John Ross III explodes onto NFL Draft radar with three big-play TDs in rout
Ross notched two receiving TDs and another on a return in his first game back from knee injuries
The Washington Huskies have been touted all summer long as one of the potential sleeper national title contenders, with several members of the defense and a young QB-RB duo of Jake Browning and Myles Gaskin earning most of the fanfare.
With a three-touchdown outburst against Rutgers Saturday, redshirt junior wide receiver and returner John Ross III proved that he, too, deserves special attention, helping the Huskies cruise to an easy 48-13 victory over the Scarlet Knights that, frankly, wasn't as close as the final score indicated.
In his first game back since suffering two separate knee injuries, the 5-foot-11, 196-pound Ross caught five passes for a game-high 90 yards and two scores and returned a kickoff 92 yards for another touchdown, showing off the mercurial speed that previously had led scouts to compare him to former Pac-12 (and NFL) star DeSean Jackson.
Optimism was high that Ross, a honorable mention All-Pac-12 returner, would return to his playmaking ways after he was clocked at an eye-popping 4.25 seconds in the 40-yard dash by Washington coaches.
He wasted little time in doing so, slipping past Rutgers cornerback Isaiah Wharton to haul in a perfectly placed deep ball from Browning for a 38-yard touchdown late in the first quarter. Ross needed only two plays on Washington's next drive to better himself, this time hauling in a 50-yard pass off a deep post, giving the Huskies a commanding 24-0 lead before the end of the first stanza.
When Rutgers answered with a second-quarter field goal, Ross responded with the hat-trick score, this time fielding a kick at the eight-yard line, zipping upfield through traffic, juking the one Scarlet Knight defender with an angle on him and somersaulting his way into the end zone after being tripped up at the five-yard line.
Because of the injuries (torn ACL in his left knee and a torn meniscus in his right), Ross entered this season a little off the radar, checking in at just 58th among junior receivers on NFLDraftScout.com's board. He is a proven playmaker when healthy, however, scoring seven touchdowns during a breakout sophomore campaign in 2014 in which he saw time at wide receiver, cornerback as well as punt and kick returner. Even more impressive was the distance Ross traveled on those scores, which in chronological order came from 91, 20, 55, 75, 86, 100 and 96 yards, an astounding average of 75 yards per touchdown play.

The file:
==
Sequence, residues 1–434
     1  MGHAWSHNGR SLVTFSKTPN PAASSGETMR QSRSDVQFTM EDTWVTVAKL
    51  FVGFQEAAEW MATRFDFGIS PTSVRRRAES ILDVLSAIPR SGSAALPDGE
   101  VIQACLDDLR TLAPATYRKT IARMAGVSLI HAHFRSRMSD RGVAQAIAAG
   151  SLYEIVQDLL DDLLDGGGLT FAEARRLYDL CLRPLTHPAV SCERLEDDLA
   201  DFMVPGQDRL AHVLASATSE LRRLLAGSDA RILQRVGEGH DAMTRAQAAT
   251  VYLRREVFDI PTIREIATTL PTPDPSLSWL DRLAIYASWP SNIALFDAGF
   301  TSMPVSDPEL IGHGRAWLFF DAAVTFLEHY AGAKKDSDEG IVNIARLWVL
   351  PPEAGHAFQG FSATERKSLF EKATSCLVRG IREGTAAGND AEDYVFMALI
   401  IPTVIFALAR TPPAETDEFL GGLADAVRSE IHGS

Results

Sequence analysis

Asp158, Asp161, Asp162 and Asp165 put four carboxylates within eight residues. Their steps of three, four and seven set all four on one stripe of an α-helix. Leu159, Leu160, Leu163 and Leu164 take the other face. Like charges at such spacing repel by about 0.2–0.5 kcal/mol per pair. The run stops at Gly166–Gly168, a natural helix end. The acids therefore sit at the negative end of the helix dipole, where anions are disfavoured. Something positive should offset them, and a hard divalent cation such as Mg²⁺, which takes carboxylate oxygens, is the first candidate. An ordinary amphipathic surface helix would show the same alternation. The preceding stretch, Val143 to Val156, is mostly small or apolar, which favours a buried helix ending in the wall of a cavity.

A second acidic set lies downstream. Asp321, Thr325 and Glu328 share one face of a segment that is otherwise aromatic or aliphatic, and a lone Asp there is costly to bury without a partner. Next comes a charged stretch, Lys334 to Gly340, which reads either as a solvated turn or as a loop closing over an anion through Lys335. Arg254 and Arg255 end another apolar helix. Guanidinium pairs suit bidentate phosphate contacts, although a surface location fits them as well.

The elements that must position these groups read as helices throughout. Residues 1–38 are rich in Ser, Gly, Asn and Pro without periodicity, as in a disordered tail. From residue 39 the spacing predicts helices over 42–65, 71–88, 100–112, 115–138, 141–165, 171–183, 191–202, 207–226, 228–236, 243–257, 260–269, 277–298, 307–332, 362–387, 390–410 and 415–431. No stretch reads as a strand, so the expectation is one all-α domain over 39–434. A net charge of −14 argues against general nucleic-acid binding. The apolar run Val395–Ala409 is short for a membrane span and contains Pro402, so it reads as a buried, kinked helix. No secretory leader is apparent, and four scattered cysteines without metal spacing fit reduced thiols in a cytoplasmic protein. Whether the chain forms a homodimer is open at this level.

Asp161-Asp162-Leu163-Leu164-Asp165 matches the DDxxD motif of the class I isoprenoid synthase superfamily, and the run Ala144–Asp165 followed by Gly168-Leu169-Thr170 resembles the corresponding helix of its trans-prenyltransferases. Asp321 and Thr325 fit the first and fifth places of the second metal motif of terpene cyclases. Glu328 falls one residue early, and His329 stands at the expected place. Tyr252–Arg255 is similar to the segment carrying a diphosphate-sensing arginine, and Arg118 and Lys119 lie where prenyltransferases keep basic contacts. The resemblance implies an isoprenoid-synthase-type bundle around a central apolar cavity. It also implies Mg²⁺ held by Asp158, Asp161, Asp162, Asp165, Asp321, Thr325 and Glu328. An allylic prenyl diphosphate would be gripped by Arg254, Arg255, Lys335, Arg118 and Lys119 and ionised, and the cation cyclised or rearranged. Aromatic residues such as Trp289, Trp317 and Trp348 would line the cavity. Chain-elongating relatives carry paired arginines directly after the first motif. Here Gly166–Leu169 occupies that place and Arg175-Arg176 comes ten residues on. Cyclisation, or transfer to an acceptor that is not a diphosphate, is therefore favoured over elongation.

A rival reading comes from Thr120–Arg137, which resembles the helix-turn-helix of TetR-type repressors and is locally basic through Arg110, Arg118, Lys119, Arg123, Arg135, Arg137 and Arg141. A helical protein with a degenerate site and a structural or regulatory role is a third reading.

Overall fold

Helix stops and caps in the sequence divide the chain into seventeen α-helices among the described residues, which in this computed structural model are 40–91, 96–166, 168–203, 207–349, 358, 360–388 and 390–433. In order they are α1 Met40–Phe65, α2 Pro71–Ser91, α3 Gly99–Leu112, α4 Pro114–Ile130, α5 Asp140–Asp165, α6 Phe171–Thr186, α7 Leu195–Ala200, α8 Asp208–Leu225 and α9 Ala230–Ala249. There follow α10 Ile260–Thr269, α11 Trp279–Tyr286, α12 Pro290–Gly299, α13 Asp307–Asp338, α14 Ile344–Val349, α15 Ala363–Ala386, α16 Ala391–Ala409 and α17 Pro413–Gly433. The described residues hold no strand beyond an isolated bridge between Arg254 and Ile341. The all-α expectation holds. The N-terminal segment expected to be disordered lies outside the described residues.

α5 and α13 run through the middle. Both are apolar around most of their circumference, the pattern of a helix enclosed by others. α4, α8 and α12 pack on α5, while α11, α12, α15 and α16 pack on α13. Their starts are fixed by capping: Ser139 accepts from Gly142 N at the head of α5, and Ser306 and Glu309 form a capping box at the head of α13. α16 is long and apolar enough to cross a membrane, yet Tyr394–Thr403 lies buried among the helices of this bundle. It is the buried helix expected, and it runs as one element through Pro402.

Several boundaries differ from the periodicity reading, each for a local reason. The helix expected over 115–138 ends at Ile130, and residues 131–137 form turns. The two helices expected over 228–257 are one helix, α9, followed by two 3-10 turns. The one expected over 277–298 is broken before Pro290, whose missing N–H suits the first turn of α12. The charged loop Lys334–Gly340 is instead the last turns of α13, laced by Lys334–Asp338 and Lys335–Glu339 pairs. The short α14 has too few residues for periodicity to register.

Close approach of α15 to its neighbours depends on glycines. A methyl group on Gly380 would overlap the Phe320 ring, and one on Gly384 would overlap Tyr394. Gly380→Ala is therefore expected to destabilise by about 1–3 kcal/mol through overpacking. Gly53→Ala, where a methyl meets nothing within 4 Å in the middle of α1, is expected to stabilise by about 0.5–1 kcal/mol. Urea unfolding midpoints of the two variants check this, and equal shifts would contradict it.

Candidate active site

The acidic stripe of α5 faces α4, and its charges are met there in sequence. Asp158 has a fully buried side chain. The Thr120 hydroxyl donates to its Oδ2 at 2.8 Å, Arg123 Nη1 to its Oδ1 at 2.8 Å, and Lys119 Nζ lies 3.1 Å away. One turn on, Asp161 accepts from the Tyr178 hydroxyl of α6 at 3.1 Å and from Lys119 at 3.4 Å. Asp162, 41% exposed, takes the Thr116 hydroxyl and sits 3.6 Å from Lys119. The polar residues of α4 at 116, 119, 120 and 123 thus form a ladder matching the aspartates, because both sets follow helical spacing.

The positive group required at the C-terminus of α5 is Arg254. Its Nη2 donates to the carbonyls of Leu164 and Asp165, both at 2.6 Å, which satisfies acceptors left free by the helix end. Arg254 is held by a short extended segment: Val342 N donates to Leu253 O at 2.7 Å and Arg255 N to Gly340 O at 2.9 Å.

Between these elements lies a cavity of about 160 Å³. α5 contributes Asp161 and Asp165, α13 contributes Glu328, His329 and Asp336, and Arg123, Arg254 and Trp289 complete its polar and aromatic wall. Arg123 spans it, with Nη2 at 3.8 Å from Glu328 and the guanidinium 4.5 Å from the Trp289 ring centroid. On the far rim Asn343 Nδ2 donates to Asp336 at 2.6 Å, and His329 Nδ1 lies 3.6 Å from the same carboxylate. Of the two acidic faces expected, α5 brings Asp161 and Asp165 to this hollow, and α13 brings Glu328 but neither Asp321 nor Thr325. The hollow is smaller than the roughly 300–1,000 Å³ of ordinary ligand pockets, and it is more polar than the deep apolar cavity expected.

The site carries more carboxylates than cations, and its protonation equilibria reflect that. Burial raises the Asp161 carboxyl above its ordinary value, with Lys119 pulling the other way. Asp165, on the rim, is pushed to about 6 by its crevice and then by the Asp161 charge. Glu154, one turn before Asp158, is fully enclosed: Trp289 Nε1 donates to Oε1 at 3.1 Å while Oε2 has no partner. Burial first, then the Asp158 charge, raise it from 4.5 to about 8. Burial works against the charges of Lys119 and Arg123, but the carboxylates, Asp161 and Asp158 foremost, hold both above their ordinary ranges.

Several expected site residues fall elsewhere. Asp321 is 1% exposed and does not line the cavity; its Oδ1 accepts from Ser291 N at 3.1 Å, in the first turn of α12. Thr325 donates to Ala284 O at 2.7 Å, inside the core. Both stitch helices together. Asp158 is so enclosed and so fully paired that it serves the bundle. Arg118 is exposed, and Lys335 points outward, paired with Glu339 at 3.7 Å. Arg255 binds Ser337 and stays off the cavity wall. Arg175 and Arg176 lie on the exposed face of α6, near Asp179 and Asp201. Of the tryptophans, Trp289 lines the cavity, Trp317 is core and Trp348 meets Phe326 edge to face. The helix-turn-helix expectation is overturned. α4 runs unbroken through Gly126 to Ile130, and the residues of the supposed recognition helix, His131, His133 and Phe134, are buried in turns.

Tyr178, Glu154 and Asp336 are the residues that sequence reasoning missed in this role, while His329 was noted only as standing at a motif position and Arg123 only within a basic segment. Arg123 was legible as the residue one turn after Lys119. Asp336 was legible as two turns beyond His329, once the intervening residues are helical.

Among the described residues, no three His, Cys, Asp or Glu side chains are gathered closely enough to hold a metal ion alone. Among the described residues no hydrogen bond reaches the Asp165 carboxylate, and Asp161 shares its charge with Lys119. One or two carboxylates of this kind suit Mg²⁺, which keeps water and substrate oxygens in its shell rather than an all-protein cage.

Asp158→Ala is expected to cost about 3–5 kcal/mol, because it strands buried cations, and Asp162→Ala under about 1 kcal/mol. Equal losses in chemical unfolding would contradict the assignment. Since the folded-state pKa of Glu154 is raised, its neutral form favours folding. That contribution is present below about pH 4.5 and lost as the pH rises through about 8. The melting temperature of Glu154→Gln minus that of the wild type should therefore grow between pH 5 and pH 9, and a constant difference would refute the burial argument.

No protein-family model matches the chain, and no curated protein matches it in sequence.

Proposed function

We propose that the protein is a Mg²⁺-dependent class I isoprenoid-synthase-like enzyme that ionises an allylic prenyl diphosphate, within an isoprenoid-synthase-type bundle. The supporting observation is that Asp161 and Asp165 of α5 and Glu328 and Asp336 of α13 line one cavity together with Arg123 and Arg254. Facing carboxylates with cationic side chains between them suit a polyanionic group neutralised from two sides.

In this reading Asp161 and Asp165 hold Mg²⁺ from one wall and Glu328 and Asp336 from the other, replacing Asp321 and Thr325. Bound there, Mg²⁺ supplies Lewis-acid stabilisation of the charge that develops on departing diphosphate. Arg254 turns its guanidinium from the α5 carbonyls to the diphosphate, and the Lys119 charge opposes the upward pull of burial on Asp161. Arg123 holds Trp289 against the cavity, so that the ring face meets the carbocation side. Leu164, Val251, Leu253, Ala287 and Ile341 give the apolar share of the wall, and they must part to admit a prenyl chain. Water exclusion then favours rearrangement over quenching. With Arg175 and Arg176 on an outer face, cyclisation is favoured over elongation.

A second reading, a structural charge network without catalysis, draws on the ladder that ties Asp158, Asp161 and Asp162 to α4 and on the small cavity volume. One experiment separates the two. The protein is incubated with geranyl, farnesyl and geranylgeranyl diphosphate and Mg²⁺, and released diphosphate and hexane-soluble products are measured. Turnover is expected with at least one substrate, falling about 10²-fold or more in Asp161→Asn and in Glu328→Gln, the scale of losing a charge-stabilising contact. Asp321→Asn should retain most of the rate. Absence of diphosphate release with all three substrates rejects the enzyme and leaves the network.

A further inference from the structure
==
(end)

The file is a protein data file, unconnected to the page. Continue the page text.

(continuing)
As his big plays suggest, the first thing that jumps out about Ross is his straight-line speed. He accelerates in a flash, easily outracing pursuit angles. Ross also possesses great vision to set up his blocks, as well as the ankle flexion and balance to elude defenders in tight quarters.
In terms of his NFL projection, Ross needs to continue to work on his route-running, too often relying upon his straight-line speed to force defenders back. He's gained strength and technique in fighting through press coverage by battling against Washington's talented secondary each day in practice but can stand to improve in this area, as well as his consistency as a route-runner.
Ross is not as polished as some of the other top receivers in college football, and obviously NFL teams will want to do their own investigating of his health whenever Ross makes himself eligible. The first-round selections spent on fellow speedsters Phillip Dorsett (Indianapolis) and Will Fuller (Houston) in recent years, however, prove that teams are willing to gamble on dynamic playmakers, making Ross (and the Huskies, as a whole) one to watch this season.
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